The goals for this grant are not conceptually hard, but require some focus. This grant will give us the time to focus. There is no reason to expect this work will take more than 2 months.

Inch-stones

  1. Identify existing (or create new) modules that use different 'XS' strategies. These will be the driving test cases.

    They should include:

    • Inlined C
    • External C
    • Currently using XS
    • Trying to ship with Inline
    • C++
  2. Adjust Inline to know about development vs build vs installed runtimes.

    There are a few strategies. Likely there will be a dependency on a small module, say Inline::Module, that knows how to DTRTs, at the right times.

  3. Facilitate making Inline and Inline::C/CPP authoring and build tools for distributions, not just runtime tools.

  4. Make sure that Inline::C and Inline::CPP work right. In particular, upgrade the grammar tests and parsing to handle many C and C++ constructs that have been found to be lacking in current parsing solutions.
  5. Release real modules to CPAN that exercise each of the new development strategies.

    Watch for results on cpantesters.

  6. Write automation helpers:

    • Dist::Zilla plugin
    • Module::Install plugin
    • Documentation for ExtUtils::MakeMaker and Module::Build
  7. Write documention for how to be an "XS" author without learning XS boilerplate.

    Likely this will include a tutorial.

Project Schedule

David and Ingy see no reason this can't be done in two months. One month for code and modules. One month for documentation and testing. We hope to work on other grants, each about 2 months, so there is good reason to get this one done, done right, and out of the way.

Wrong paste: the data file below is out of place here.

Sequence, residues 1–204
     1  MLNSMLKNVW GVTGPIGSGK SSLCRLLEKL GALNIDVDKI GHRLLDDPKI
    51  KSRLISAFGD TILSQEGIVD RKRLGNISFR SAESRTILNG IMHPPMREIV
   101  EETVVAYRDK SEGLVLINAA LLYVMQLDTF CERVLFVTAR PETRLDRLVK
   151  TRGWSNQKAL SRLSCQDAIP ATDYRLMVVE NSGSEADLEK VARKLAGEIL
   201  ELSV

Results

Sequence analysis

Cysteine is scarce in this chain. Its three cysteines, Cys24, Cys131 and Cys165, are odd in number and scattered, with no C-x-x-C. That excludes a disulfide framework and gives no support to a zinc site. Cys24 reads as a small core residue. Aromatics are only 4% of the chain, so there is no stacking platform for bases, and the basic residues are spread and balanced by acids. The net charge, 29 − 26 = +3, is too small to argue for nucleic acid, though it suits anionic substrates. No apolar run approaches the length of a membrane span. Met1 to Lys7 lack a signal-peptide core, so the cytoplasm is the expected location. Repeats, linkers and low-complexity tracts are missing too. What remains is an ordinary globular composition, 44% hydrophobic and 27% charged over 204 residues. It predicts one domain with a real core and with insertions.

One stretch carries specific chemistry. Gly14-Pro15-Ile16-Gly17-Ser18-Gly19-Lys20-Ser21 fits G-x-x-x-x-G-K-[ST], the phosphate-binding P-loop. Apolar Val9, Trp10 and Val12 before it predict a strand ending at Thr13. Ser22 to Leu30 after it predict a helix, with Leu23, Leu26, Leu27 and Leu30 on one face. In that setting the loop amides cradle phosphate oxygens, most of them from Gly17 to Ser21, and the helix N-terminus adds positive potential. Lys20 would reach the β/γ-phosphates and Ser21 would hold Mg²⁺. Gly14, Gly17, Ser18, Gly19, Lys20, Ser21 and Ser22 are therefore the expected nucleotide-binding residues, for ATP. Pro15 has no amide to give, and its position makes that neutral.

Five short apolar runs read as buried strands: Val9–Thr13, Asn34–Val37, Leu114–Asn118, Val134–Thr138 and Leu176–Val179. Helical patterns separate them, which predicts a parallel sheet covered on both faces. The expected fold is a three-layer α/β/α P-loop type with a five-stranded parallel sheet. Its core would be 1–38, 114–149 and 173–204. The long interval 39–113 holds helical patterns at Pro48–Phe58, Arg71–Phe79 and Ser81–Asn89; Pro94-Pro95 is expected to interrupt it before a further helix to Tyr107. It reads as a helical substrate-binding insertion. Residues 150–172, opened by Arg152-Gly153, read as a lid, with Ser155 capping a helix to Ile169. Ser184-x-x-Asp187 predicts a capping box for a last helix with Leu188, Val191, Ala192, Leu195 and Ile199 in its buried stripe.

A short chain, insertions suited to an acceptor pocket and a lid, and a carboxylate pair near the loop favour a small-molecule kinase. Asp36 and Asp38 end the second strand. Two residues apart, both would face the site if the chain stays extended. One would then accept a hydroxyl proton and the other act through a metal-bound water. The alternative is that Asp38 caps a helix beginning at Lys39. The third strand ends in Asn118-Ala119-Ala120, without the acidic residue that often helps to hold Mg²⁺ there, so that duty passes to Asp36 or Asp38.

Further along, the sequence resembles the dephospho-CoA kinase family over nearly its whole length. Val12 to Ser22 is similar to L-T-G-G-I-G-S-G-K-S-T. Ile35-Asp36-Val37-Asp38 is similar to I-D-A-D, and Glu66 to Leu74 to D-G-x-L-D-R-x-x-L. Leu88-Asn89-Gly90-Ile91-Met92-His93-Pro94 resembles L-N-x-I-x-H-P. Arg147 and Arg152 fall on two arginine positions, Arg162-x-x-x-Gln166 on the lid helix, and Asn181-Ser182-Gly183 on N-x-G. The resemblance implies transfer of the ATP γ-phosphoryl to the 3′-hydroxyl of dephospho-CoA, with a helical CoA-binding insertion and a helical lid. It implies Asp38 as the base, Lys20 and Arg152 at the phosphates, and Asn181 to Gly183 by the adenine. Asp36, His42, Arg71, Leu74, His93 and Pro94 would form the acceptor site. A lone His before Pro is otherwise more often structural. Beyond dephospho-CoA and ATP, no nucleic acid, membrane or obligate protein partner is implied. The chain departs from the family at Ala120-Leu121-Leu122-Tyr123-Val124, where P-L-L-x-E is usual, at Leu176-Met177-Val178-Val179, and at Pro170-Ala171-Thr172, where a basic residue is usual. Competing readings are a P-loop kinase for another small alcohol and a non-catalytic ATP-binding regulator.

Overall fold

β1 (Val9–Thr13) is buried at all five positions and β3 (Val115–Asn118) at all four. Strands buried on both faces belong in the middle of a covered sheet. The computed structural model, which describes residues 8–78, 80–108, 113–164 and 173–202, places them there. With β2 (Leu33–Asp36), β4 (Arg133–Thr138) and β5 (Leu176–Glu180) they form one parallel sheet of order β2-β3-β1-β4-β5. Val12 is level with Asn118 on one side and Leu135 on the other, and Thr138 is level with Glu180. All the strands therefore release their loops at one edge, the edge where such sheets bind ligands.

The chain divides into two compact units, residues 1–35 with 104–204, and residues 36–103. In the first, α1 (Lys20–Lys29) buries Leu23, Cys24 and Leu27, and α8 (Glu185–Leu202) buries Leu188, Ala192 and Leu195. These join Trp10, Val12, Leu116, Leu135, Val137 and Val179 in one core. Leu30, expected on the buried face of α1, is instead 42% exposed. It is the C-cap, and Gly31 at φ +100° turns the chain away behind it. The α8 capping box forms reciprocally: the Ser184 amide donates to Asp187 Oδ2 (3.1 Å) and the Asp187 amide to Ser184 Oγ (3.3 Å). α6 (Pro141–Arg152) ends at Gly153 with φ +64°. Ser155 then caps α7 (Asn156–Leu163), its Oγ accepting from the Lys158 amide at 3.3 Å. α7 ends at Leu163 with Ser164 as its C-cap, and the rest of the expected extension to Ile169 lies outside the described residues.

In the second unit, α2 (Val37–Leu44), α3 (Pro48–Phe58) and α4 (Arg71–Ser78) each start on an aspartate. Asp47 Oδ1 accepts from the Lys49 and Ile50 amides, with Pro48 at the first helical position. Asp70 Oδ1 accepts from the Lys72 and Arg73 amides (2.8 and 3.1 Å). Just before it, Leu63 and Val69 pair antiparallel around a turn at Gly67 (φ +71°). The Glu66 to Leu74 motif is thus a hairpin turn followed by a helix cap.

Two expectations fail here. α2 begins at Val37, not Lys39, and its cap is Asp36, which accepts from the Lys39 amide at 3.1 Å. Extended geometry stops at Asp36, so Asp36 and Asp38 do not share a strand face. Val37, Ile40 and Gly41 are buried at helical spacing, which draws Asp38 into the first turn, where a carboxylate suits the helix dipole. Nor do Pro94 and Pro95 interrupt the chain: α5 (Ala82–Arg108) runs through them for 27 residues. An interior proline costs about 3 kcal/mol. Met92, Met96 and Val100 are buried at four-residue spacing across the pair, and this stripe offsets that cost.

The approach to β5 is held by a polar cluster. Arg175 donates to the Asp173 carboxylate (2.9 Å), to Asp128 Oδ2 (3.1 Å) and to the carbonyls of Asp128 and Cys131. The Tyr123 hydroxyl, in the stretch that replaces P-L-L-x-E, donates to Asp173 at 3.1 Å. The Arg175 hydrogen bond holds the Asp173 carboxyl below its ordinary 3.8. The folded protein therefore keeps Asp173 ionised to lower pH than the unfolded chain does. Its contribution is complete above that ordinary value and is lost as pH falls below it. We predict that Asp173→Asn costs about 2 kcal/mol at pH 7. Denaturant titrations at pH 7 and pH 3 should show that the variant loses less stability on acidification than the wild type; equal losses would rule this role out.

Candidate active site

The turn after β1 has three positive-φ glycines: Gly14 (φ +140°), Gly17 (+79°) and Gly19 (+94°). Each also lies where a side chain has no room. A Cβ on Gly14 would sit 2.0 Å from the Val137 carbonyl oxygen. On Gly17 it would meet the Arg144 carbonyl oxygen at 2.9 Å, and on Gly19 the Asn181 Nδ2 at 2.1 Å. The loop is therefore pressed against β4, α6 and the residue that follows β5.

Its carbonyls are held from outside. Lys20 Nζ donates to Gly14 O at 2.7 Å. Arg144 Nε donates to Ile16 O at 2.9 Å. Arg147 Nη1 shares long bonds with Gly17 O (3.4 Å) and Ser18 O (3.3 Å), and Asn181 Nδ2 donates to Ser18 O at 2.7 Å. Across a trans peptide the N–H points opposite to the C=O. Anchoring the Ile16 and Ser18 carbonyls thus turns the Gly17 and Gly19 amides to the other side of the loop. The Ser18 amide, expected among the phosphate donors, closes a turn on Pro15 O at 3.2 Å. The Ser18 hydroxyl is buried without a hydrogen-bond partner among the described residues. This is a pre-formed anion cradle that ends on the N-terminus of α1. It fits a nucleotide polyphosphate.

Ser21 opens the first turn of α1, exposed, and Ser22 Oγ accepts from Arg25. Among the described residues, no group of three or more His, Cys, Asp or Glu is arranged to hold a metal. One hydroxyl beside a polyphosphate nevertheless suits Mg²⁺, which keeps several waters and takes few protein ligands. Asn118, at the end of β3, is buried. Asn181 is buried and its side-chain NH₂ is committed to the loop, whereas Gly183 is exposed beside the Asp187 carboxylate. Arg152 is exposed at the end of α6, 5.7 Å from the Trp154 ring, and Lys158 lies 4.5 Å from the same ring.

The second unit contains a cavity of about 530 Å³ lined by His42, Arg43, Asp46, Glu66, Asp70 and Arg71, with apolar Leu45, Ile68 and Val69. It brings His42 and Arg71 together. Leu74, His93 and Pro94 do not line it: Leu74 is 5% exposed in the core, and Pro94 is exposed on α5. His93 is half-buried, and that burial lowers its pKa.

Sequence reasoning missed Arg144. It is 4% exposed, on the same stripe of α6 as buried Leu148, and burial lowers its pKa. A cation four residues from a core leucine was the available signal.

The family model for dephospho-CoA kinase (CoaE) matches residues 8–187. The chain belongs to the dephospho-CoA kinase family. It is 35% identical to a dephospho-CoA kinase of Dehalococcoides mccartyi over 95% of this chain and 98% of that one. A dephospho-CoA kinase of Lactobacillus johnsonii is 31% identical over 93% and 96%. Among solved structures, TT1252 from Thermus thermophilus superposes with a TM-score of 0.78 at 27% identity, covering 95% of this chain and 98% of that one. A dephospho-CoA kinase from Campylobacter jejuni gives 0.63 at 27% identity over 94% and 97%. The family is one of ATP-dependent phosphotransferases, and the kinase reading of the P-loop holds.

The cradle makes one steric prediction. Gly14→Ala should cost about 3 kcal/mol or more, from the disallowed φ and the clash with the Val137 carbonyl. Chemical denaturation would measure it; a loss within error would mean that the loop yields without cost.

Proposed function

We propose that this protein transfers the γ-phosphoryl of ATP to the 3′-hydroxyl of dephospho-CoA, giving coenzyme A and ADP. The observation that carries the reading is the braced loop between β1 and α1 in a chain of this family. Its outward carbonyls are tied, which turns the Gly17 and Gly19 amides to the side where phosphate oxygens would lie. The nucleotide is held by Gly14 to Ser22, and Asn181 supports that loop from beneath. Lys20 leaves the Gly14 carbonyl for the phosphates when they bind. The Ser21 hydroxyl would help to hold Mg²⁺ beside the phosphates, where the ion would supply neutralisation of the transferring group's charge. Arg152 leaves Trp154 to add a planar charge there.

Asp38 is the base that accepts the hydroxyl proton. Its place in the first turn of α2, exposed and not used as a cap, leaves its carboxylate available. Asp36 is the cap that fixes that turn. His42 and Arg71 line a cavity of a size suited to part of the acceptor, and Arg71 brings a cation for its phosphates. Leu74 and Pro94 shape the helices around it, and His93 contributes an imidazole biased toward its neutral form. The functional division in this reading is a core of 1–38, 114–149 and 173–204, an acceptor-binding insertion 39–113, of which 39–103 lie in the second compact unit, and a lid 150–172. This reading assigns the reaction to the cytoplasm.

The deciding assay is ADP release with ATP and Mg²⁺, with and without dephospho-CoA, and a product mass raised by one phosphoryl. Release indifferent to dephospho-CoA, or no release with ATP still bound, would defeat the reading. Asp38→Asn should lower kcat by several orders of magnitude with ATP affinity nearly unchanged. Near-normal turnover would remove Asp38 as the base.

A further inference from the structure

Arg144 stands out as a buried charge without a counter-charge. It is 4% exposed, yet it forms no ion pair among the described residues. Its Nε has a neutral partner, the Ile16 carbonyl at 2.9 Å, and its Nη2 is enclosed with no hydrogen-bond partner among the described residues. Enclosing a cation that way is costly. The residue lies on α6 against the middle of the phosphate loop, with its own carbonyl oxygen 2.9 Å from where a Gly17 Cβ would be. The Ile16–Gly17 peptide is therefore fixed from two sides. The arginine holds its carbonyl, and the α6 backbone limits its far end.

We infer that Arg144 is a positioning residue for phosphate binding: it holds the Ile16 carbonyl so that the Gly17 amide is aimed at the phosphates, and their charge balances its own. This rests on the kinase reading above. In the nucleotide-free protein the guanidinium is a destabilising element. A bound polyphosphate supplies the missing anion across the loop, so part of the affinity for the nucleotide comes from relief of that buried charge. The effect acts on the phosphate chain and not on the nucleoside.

Completeness Criteria

Release of these modules to CPAN (with above support):

Bio

Ingy döt Net is the original creator of Inline and Inline::C. His primary focus in Perl is to bring the "hard" things into the hands of beginners.

David Oswald has been maintaining Inline::CPP for four years, and is the only person to have made releases on Inline::CPP since 2003.

Ingy and David work well together and have decided to collaborate on a number of big projects that benefit Perl and Software Development. Inline was the obvious first choice.

About TPF

The Perl Foundation - supporting the Perl community since 2000. Find out more at www.perlfoundation.org.

Recent Comments

  • ether (Karen Etheridge): Is it possible to change the implementation of YAML::Tiny, given read more
  • ether (Karen Etheridge): +1 read more
  • ether (Karen Etheridge): Thank you for your contributions, and great work as always! read more
  • Ingy: Makoto, Thanks for bringing this up. I think it's in read more
  • Makoto Nozaki: Dear Ingy, It was brought up in the Grants Committee read more
  • Smylers: Please support the Inline::C proposal. Many people want to do read more
  • Ahmed Elsheshtawy: Hello Neil, First please read my reply to "Dan Wright" read more
  • Ahmed Elsheshtawy: Hello Dan, You are absolutely reading my brain and saying read more
  • Dan Wright: Perl has a lot of web frameworks. What Perl really read more
  • Matthew Horsfall (alh): Please continue this grant. Tony's work is awesome. read more